The researchers used a mathematical model to represent the interaction between an investor looking to buy or sell assets on the OTC market and a dealer who might fulfill the trade.
First, the investor must make two key decisions: how many dealers to solicit quotes from (in the model, she can choose between one dealer or two) and what information to provide about her trading direction.
Based on the decisions the investor makes, the dealers then respond with quotes. Quotes are shaped by several factors, including how much competition the trader is facing, the status of the dealer’s own inventory (for example, whether he already holds the asset the investor is looking to buy), and his expectations about the ripple effects an investor’s trade is likely to produce in the market. Mollner calls this third factor the “continuation trading game.”
“In this setting, unbridled competition is not necessarily going to be best.”
Crucially, dealers are already anticipating how the continuation trading game will play out as they decide what to quote to an investor hoping to make a trade. Dealers understand up front that even if they “lose” by failing to secure the investor’s business, they can “win” (i.e., profit) in other ways down the line.
“Maybe a dealer who lost the deal with the investor knows that something’s up,” Mollner says. “Maybe he guesses, for example, that the client is buying. This buying would then lead to a price increase on the market. A losing dealer can take advantage of that by front-running—buying early and then turning around and selling late, after prices have gone up.”
This means that, with multiple dealers in the picture, dealers will come to expect other dealers to front-run, raising the trading costs the winning dealer must pay. So dealers bake those anticipated costs into their quotes.
For the investor, the upshot of all of this is inflated pricing.
“The client doesn’t like this front-running,” Mollner says. “What could the client do to try to limit it? Well, one tool that the client has is just to ask for quotes from fewer dealers.”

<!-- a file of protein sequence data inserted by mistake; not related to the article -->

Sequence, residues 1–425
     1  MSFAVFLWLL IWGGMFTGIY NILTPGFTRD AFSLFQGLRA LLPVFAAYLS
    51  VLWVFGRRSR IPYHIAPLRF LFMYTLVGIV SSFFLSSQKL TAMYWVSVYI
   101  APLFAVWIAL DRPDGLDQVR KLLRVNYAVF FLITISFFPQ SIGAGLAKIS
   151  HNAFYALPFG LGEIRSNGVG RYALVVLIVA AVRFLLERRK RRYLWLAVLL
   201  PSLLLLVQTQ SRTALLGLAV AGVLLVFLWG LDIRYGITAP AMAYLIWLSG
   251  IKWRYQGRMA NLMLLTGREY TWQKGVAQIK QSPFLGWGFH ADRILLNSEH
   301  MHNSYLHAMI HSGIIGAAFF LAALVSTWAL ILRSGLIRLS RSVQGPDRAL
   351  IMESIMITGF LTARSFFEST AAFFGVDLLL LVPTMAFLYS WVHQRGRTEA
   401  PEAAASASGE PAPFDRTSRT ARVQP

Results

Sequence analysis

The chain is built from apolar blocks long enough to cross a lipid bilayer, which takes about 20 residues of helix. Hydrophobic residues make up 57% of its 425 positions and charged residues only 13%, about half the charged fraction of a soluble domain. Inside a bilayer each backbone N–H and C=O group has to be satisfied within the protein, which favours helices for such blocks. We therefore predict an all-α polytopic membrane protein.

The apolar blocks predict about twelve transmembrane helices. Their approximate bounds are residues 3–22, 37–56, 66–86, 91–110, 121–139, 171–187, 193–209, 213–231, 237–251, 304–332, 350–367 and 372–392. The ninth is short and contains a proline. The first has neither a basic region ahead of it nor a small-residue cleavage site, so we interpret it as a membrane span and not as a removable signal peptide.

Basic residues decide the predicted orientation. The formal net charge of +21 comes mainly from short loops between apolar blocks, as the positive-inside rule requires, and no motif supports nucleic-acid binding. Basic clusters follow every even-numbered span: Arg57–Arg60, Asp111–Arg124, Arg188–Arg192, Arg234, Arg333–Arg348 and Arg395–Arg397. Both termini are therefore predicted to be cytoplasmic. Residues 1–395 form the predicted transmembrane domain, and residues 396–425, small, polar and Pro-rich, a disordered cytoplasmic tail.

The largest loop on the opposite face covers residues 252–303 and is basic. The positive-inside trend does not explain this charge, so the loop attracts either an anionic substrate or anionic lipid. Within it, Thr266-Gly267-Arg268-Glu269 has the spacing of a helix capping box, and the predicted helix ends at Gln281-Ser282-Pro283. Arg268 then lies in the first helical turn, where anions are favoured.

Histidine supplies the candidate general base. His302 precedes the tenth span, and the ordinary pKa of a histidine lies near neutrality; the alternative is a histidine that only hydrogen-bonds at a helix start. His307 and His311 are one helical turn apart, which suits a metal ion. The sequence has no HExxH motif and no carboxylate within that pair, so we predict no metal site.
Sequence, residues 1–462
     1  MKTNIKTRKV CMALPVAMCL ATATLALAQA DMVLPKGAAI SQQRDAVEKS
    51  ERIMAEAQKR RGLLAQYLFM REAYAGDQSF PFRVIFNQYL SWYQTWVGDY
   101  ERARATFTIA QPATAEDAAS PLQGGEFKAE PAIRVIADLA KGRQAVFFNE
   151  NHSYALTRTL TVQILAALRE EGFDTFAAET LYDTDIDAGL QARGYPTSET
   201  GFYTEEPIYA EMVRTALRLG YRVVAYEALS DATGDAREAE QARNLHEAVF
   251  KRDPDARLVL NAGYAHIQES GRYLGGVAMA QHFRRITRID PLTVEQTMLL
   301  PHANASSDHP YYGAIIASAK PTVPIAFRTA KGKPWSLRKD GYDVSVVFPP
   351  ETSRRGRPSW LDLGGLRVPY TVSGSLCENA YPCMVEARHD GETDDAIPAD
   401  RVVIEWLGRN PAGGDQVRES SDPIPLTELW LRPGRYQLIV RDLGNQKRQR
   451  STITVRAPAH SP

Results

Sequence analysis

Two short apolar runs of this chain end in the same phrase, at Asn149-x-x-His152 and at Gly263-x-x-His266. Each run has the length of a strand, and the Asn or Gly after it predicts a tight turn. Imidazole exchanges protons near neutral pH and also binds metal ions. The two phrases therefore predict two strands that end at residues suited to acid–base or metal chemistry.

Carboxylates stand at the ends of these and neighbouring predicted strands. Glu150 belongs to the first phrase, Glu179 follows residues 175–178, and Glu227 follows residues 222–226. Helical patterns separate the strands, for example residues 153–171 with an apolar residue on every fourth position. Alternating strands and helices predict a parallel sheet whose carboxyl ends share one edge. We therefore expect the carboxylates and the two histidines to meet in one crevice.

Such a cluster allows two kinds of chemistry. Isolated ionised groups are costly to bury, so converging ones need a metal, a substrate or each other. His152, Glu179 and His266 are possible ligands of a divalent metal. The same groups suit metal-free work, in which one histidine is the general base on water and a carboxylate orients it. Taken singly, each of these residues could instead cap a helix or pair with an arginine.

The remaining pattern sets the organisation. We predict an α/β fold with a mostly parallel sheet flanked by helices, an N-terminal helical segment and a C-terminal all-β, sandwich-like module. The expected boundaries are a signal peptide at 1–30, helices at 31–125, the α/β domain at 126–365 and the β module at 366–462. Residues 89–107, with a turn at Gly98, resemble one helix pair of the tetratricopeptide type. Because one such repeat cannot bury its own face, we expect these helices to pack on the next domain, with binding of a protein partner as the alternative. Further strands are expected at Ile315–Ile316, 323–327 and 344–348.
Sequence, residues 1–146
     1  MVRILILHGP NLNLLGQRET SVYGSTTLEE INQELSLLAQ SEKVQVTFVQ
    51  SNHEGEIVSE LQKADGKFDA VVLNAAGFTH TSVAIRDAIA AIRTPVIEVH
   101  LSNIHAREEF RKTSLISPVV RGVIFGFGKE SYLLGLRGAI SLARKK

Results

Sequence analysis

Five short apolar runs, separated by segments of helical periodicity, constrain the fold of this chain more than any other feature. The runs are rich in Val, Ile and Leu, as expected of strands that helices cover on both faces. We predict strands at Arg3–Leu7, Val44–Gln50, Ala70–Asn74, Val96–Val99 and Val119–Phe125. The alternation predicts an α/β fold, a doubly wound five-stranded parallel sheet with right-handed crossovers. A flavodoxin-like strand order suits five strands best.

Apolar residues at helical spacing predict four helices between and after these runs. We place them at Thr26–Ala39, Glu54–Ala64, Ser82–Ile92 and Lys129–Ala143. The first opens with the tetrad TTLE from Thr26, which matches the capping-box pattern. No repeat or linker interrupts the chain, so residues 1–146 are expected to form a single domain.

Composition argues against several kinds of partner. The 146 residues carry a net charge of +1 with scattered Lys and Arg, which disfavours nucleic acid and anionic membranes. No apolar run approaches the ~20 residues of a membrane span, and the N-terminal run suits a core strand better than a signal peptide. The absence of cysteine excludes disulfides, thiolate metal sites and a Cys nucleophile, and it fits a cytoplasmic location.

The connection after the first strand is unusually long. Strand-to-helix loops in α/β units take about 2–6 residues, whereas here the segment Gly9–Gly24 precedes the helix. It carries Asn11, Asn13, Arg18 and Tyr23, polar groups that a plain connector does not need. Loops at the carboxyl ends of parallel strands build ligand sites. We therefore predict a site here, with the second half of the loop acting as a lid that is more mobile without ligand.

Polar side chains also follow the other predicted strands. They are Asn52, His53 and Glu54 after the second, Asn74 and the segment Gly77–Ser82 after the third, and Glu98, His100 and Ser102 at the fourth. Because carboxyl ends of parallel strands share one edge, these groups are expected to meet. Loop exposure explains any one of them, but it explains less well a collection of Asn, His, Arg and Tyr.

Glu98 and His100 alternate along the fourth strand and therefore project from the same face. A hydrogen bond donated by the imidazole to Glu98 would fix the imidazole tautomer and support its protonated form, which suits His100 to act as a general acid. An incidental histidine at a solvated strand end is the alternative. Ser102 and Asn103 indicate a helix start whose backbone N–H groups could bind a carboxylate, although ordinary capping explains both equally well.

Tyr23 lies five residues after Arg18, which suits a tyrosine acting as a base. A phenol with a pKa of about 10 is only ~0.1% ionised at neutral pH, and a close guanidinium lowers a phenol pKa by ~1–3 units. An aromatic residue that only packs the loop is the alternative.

To better understand the role front-running was playing, the researchers re-ran the model, removing front-running as a factor. They found that the model could no longer explain investors’ observed behavior. In other words, without front-running, there was no reason why investors would contact so few dealers.
A vote for flexibility
“If you take our model literally, what it’s saying is, don’t impose constraints on traders, and trust them to make the decisions that are going to be best for them,” Mollner says. “If we notice that they’re contacting just a small number of potential counterparties—maybe even just one—that does not necessarily mean that they’re making a mistake.”
It’s for this reason that Mollner believes the CFTC rule mandating a minimum number of counterparty contacts needs to go. He and Baldauf also suggest that electronic trading platforms adjust the information they require investors to disclose.
For example, platforms should make it easy for investors to request two-sided quotes (that is, prices to buy and sell) so they can keep their trading directions confidential, Mollner argues. While some trading platforms already allow this type of flexibility, many do not, and the change would make for a healthier over-the-counter market.
More broadly, “it’s important that these platforms allow traders some flexibility and discretion in choosing how many and which potential counterparties to contact,” Mollner says. “Platforms might naively assume that traders always want to contact everybody—but I think that intuition would be wrong.”
Katie Gilbert is a freelance writer in Philadelphia.
Baldauf, Markus, and Joshua Mollner. 2023. “Competition and Information Leakage.” Journal of Political Economy. (Forthcoming.)